They may try to downplay it, but the beautiful people have it pretty good: They snag hotter dates, score free food and land higher-paid jobs. Now, behavioral neurologists are revealing the primal instinct driving our bias for beauty.
A new study, led by scientists at Penn Medicine, seeks to understand our brain’s response to people with facial abnormalities, such as scars, birthmarks, dysplasia and other “deformities.” Their findings, published in Scientific Reports, show an inherent bias against the “disfigured” and innate preference for the conventionally attractive.
“Judgements on attractiveness and trustworthiness are consistent across cultures, and these assumptions based on facial beauty are made extremely quickly,” says lead study author Dr. Anjan Chatterjee, professor of neurology and director at Penn Center for Neuroaesthetics. “On the other hand, people with facial disfigurement are often targets of discrimination, which seems to extend beyond the specific effects of lower overall attractiveness and may tie in more with the pattern of results with stigmatized groups.”
Previous neuroimaging studies have shown that attractive faces trigger more substantial responses in the reward, empathy, and social cognition sectors of the brain, compared to readings taken from more average faces. This study digs deeper by focusing on disfigured faces and analyzing whether surgical solutions mitigate the negative response.
“In order to right any discrimination, the first step is to understand how and why such biases exist, which is why we set out to uncover the neural responses to disfigured faces,” Chatterjee says.
The study involved two experiments, both using a set of pre- and post-op photographs from patients who underwent surgical treatment for their abnormalities. The first behavioral study enlisted 79 participants to find out whether or not they were aware of their beauty biases. An implicit association test (IAT) was used to determine where folks naturally fell when it came to judging disfigured faces. Then an explicit bias questionnaire (EBQ) assessed how conscious they were of their preference.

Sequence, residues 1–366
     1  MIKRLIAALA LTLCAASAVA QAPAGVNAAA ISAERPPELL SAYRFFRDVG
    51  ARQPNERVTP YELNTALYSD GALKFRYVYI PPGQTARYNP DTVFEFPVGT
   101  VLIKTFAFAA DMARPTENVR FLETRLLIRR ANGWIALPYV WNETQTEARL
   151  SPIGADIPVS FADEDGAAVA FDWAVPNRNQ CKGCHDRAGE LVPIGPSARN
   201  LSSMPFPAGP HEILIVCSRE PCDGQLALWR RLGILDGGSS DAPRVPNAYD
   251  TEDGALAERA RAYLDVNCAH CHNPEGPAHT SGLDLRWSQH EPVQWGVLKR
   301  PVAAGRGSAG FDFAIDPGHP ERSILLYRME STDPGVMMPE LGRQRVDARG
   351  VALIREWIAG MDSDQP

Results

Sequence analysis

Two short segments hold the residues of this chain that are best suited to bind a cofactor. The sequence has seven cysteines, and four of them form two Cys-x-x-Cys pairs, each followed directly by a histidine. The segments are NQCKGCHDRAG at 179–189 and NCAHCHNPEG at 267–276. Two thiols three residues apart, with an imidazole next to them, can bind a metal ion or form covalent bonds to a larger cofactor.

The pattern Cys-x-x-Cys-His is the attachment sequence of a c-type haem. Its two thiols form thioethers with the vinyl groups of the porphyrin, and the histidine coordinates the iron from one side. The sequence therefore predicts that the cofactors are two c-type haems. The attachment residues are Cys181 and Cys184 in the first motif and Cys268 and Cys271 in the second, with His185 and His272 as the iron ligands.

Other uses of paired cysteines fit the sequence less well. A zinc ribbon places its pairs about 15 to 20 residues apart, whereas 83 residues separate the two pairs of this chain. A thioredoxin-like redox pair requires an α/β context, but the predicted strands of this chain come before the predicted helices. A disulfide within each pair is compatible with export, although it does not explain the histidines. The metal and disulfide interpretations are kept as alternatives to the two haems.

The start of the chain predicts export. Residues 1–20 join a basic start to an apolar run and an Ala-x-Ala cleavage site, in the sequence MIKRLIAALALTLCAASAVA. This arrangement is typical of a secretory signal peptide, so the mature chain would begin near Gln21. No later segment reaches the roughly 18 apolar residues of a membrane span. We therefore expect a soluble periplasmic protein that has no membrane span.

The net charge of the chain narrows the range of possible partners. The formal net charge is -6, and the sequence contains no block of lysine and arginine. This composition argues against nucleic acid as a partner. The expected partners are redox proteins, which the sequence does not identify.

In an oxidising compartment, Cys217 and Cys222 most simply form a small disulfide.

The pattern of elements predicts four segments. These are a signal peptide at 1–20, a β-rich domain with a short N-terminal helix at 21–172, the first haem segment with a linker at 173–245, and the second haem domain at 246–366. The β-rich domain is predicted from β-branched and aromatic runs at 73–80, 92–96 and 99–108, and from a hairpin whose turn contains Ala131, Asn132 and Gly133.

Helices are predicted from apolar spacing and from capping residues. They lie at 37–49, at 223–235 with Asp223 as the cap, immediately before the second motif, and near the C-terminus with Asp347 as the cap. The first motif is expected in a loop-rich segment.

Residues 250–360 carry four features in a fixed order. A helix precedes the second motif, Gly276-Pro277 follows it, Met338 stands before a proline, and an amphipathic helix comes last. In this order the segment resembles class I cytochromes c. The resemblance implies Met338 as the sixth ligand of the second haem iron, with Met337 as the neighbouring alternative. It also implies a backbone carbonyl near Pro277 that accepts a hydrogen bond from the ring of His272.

While the participants showed no explicit bias on the EBQ, researchers saw a clear implicit preference for the non-disfigured faces, especially among men.
The second experiment involved a functional magnetic resonance imaging (fMRI) test to observe the neural response to the photo sets. The authors found an increase in activity in the ventral occipito-temporal cortical areas, which deals with vision processing, and decreases in the regions associated with empathy, specifically the anterior cingulate and medio-prefrontal cortex.
All this tells researchers that, in spite of common courtesy, people are unconsciously harboring negative biases against less attractive and disfigured faces, resulting in an inherent lack of empathy. The diminished activity in the anterior cingulate cortex also indicates a neural flag for dehumanization, supported by previous studies which show a similar response to other stigmatized groups, such as drug addicts or homeless people.
“The emphasis of attractiveness and its association with positive attributes highlights the pervasive effect of appearance in social interaction,” says Chatterjee. “While we found that corrective surgery mitigates negative social and psychological responses to people with facial anomalies, we are also exploring alternative strategies to minimize bias towards people with facial conditions.
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